Ursula Baido, president of the Tadian-UK group, was the Master of Ceremonies. To open the conference in the evening of April 22, Igorot UK prepared a cultural entry. It was a simulated Kayew of the western Mountain Province. After the sound of gongs by selected performers, Rhino Oblas came in with a torch, which he brought all the way from Belgium. A third-generation Igorot from BIBAK Ireland, eight-year old Roisin (Banakan) Laron Quintin followed carrying a bundle of palay. Two third-generation Igorots from Igorot Organization Austria (Igorot Austria) – Azriel Lucas (Olat) Bounggick Cafirma and Diego Auriel (Layugan) Bounggick Cafirma carried jars of rice wine. Others were carrying a tray with cups and a tray with bottles of water.
Indigenous prayers followed. Patrick Bounggick of Igorot Austria; Peter Agnaonao of the Cordillera Community in Belgium (Cordi-Bel); Mr. Balagtey and Allan Pelingen, vice-president of Igorot UK, prayed the Bogao (Kedse, Tidwil.) Mr. Dimog of IFSU prayed in Ifugao (madmad.) The basabas or bogaw was also shouted in Ifugao. To open the programme and Gotad ad London, there was a toast of tapuey (rice wine.)
Mr. Oblas, one of the contact persons of the 5th ICBE Conference, turned over the host responsibilities to Mr. Balagtey.
Rhino said, “HEAR! Bugan, who lives where the sun rises. Extend your beard on this earth for the spirits of all ICBE celebrants to hang on in coming to London. Come, be here in London to participate in this 6th ICBE Consultation.”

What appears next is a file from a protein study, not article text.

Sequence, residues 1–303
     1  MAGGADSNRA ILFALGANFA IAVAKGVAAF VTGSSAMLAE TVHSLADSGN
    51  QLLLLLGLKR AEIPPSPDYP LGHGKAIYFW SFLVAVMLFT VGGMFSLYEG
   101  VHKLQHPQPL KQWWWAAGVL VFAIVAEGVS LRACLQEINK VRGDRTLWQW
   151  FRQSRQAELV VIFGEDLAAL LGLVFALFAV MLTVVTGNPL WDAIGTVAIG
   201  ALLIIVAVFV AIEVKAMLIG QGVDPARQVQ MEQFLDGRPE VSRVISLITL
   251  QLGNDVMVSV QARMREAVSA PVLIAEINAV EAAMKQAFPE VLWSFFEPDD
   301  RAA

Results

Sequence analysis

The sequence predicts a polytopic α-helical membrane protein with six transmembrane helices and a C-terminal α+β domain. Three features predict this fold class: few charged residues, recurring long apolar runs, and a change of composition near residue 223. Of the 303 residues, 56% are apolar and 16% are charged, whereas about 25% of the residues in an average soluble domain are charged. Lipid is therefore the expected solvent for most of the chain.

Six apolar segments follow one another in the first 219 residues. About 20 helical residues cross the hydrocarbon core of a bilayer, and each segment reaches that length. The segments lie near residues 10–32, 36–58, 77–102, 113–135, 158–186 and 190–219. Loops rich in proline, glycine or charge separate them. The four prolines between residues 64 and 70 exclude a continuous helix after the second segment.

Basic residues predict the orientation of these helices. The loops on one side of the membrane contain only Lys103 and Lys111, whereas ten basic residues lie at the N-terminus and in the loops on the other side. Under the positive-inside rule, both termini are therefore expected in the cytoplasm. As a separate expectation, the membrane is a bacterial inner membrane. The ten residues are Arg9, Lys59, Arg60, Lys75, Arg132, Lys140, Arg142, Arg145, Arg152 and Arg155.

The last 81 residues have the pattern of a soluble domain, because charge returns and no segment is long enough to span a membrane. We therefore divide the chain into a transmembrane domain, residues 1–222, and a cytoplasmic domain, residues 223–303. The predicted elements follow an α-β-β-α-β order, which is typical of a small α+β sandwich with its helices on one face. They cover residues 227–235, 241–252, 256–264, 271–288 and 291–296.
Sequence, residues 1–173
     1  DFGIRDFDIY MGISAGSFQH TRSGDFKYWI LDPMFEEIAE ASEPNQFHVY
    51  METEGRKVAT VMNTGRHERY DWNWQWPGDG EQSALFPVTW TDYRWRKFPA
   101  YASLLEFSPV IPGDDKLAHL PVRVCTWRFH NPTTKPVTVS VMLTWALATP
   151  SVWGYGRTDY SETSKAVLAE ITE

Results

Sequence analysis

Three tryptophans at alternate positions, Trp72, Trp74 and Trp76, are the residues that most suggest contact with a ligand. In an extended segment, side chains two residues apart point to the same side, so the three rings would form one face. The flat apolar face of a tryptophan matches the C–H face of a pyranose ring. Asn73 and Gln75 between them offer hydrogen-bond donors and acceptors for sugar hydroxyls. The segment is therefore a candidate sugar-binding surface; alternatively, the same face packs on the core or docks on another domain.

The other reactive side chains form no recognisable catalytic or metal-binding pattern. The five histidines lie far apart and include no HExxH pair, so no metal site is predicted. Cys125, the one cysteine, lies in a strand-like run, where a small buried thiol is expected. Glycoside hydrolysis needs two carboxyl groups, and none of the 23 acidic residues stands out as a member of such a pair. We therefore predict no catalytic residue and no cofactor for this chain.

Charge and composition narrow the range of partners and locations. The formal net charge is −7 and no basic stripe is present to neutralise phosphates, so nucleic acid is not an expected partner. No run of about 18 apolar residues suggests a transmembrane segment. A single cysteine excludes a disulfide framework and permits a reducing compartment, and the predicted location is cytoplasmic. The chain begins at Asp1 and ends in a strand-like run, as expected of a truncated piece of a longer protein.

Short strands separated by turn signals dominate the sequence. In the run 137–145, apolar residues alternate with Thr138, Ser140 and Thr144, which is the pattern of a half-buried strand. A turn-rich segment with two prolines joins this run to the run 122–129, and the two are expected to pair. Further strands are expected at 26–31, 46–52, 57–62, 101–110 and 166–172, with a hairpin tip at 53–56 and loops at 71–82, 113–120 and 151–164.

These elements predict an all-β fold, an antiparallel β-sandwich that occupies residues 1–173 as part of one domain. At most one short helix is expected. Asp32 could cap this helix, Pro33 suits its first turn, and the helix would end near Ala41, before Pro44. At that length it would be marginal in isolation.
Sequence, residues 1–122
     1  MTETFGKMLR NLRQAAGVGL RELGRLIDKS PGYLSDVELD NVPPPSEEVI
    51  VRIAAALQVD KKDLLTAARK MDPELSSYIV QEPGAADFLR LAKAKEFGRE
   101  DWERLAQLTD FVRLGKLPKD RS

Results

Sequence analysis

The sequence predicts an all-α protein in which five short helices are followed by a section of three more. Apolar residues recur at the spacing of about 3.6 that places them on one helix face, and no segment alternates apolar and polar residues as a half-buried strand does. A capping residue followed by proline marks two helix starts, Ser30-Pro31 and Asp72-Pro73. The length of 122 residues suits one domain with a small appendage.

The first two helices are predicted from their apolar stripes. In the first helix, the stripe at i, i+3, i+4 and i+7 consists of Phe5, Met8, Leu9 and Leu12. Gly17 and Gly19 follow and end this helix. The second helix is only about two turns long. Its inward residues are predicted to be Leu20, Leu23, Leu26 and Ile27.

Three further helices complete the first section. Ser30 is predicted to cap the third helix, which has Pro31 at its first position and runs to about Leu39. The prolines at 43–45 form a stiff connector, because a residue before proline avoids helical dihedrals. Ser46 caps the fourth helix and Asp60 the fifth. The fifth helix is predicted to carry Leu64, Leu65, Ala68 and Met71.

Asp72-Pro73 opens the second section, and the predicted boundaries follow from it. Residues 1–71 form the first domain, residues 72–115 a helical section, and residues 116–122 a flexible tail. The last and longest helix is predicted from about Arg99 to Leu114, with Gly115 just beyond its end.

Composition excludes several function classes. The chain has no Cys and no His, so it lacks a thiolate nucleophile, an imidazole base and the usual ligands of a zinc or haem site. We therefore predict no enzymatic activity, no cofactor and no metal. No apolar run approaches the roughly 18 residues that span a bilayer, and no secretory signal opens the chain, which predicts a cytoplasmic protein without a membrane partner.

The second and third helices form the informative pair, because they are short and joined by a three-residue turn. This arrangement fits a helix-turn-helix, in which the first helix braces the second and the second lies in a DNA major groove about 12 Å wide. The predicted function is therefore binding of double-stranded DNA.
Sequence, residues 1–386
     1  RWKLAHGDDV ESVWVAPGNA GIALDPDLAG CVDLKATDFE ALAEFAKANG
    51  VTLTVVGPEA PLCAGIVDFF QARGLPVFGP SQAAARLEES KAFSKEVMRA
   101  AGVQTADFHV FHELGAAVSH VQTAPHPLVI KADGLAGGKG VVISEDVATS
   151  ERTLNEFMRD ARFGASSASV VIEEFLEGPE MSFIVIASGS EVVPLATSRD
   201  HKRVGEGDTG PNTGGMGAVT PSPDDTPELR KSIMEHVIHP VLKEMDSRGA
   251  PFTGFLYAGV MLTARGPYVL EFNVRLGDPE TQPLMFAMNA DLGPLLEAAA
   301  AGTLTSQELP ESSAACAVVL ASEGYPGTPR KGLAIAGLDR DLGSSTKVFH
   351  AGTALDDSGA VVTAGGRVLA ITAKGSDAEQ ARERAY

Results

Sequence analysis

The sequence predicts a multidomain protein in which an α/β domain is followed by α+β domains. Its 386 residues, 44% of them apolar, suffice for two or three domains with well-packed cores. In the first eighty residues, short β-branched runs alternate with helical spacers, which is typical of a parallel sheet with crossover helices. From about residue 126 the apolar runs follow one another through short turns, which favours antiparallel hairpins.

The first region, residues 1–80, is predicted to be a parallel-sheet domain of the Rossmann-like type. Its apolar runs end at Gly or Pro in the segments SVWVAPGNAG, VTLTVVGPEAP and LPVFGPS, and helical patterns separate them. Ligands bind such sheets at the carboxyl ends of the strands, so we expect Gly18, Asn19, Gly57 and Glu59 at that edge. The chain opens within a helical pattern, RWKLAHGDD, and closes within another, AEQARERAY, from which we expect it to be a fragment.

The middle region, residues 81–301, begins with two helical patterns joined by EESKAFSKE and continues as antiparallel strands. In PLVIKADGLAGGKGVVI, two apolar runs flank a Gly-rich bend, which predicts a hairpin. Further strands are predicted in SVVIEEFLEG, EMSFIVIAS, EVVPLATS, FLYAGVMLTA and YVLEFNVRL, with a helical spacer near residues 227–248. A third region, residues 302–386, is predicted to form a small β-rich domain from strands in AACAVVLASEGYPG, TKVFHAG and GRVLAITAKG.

In his welcome talk, Mr. Pelingen said, “Preservation of our ethnic culture for younger generations to enjoy, observe, practice and eventually preserve is quite an appropriate theme. To attain such a noble cause, however, knowledge of such ethnic culture is a mandatory requisite; more so in this foreign soil where our children and younger generations seem slowly being alienated from our ethnic culture and traditions.”
Rhino returned to the stage to give a “Review of the 5th ICBE Conference” held in Germany.
Review of the 5th ICBE Consultation
The 5th ICBE Consultation was held on April 10-13, 2009 in Vallendar, Germany. The theme was, “Igorot Cordillera Rituals: Their Features and Significance.” Dr. Fiar-od delivered the keynote address and Dr. Ngohayon, President of the Ifugao State College of Agriculture and Forestry (now IFSU), gave a special presentation on “The Bulul in the Social Life of the Ifugao People.” It was a new topic for everyone.
Based on the researches on birth, marriage, agricultural cycle and death, the delegates presented skits or dialogues.
The Philippine Ambassador H.E. Delia Domingo-Albert was unable to attend the Gala Night. However, she sent her written speech, “German Scientific-Work in the Cordillera - A Continuing Challenge.”